PW1 saw his brother, the Appellant, at the shop at 3.15 am and cutting the padlocks. The Magistrate was fully entitled to infer that the Appellant, having cut the padlocks, proceeded into the shop and stole the items alleged. By making this finding the Magistrate had rejected the evidence of the Appellant.
The Magistrate accepted the evidence of PW1 as truthful. There was also the supporting evidence, as I have mentioned, from the other prosecution witnesses. At common law one witness is sufficient to sustain a conviction. The question of credibility is essentially one for the trial magistrate to make. The Magistrate has the opportunity to observe the demeanour of the witnesses and the manner in which each gave his evidence. I have no reason to disagree with his findings. I find that the Magistrate was justified in making the finding he did.
Accordingly the appeal against conviction is DISMISSED.
 FINDINGS IN RESPECT OF APPEAL AGAINST SENTENCE.
The offence occurred on 30th January 2012. The date of conviction was 20th December 2012 The Magistrate convicted the Appellant under section 291[a] of the Penal Code and, although not expressly saying so, must have held that he was bound by the minimum mandatory sentencing provisions. An offence under section 291 of the Penal Code carries a liability to imprisonment of 14 years. By applying the minimum mandatory sentencing provisions as at 30th January 2012 the Magistrate sentenced the Appellant to 10 years imprisonment. By doing so I infer that he took the Appellant as a first offender and found no mitigating circumstances in his favour.
I understand the Magistrate’s thinking on sentence in this matter but in doing so he exceeded his sentencing powers as prescribed in section  of the Criminal Procedure Code. I take judicial notice that the magistrate presiding in this case is a magistrate other than a Senior Magistrate.
Section 6 reads as follows:
(2) The Magistrates’ Court when presided over by a Magistrate other than a Senior Magistrate may pass any sentence authorised by law:
Provided that such sentence shall not exceed, in the case of imprisonment, 8 years, and in the case of a fine, Rs75,000.
I find that the Magistrate in imposing the sentence he did exceeded his statutory powers. I set aside the present sentence of 10 years imprisonment. I look again at the circumstances of this case.
The Appellant had broken into commercial premises, not residential property. He broke padlocks to gain entry. A substantial amount of items were removed from the shop. Their value is given at Rs25000. There was no evidence that any items have been recovered.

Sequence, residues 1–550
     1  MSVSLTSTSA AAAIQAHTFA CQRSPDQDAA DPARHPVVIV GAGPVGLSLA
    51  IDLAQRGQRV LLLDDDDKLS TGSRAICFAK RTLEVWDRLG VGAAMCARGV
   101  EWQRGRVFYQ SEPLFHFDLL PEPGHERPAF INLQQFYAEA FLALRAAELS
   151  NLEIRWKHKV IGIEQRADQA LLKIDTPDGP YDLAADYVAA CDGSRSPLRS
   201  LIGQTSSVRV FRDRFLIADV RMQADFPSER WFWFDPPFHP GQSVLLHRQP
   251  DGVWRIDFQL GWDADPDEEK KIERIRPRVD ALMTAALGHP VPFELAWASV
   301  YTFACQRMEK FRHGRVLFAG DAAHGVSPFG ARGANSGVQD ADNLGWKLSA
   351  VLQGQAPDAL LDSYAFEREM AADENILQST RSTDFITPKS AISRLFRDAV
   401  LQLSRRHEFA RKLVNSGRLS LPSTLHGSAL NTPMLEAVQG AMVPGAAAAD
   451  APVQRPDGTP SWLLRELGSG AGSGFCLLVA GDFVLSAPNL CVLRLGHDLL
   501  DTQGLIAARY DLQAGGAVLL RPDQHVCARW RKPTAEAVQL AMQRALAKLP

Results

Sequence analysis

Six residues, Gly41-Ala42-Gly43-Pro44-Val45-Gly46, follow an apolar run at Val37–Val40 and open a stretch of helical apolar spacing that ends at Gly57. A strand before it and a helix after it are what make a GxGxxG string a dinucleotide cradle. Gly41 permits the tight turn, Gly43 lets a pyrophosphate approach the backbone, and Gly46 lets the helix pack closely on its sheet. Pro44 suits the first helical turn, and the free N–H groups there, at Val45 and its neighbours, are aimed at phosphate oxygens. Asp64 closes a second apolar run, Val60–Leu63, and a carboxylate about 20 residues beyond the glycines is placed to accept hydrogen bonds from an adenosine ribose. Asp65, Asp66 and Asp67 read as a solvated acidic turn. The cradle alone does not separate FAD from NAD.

I keep in view the maximum sentencing powers open to the magistrate and the circumstances of the case. In my opinion an appropriate sentence is one of 6 years imprisonment. Consequently, I quash the sentence of 10 years imprisonment and in substitution impose a sentence of 6 years imprisonment.
On the day prior to the delivery of the above judgment I received proceedings relating to a further appeal lodged by this Appellant. Only the Notice of Appeal had been lodged.
Without going into the merits of the second appeal I noted the following. The Appellant was charged and convicted for the offence of possession of a controlled drug contrary to the Misuse of Drugs Act and sentenced to 12 months imprisonment. The date of conviction and sentence was 20th November 2012 which was only one month prior to the date of conviction in the case presently before me on appeal. The Appellant had been convicted of being in possession of a small quantity of drugs, namely, 7 milligrams of heroin. This offence relates to drugs. The present appeal relates to an offence of dishonesty.
In the present appeal the magistrate ordered that the sentence he imposed of 10 years imprisonment, now reduced to 6 years imprisonment, should “start to run after the expiration of all sentences passed on the accused prior to that day”, that is consecutive to any previous sentence imposed.
We now are aware that there was only a short period of one month between the dates of conviction and sentence in the two cases. As matters stand at present, the Appellant is required to serve an aggregate sentence of 7 years imprisonment. I consider the position under the totality principle and whether this total sentence is just and appropriate taking the offences as a whole into account.
Looking at all the circumstances and especially the small quantity of drugs involved I am of the view that the aggregate sentence is too high and I order that the substituted sentence of 6 years imprisonment for breaking and entering to commit a felony shall run CONCURRENTLY and not consecutively with the earlier sentence of 12 months imprisonment in respect of the drugs offence.
Signed, dated and delivered at Ile du Port on 13 February 2014
Judge of the Supreme Court
Judge of the Supreme Court